Matthias Leanza, University of Basel
The European colonial empires have long since ceased to exist. Yet, we continue to grapple with the complex legacy they have left behind. Drawing on a wide range of primary sources from various European and African archives, this paper explores the vestiges of German colonialism, arguing that Germany’s overseas empire in Africa, the Pacific, and China (ca. 1884–1919) was an important factor in the formation of the German nation-state. The colonies, or protectorates (Schutzgebiete), as they were officially called, shaped the development of the metropole’s political system by strengthening the power of the federal government and helping to solidify German national identity. As a corollary to this, German colonialism weakened the country’s pronounced federalism, which was rooted in longstanding regional allegiances, and fueled state centralization, thus bringing national identity into sharper focus. After losing its protectorates and most of its imperial border regions in Europe as a result of World War I, Germany retained a sense of historical continuity largely on account of the developments the colonies had helped to spur. The overseas empire had vanished, but its structural effects lived on, veiled in the form of the nation.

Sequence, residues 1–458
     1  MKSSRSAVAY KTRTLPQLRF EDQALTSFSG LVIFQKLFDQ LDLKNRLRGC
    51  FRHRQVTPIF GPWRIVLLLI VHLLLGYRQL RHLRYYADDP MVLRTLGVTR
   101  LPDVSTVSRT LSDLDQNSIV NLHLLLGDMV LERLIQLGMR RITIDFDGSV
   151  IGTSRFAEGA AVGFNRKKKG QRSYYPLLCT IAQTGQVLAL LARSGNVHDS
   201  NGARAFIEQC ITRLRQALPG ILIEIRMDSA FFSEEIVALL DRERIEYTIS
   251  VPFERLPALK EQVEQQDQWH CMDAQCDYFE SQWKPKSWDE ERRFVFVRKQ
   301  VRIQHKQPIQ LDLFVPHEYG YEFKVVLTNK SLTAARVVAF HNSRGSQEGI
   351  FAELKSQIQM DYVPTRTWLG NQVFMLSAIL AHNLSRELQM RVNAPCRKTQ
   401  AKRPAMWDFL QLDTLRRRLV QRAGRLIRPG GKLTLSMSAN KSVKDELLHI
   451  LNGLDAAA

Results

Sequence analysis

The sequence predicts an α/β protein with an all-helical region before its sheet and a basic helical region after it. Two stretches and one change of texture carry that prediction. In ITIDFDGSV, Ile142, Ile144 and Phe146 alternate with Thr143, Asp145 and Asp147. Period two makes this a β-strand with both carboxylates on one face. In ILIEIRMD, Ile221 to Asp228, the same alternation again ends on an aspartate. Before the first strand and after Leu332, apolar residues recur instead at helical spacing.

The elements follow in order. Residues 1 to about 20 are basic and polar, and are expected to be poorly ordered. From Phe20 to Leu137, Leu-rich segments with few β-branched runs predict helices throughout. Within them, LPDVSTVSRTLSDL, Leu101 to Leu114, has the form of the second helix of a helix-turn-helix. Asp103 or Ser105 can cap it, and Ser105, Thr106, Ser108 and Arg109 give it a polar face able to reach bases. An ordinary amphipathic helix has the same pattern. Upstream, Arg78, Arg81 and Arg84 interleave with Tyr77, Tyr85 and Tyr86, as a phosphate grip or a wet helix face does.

Presented in Session 71. Perspectives on German and U.S. Imperialism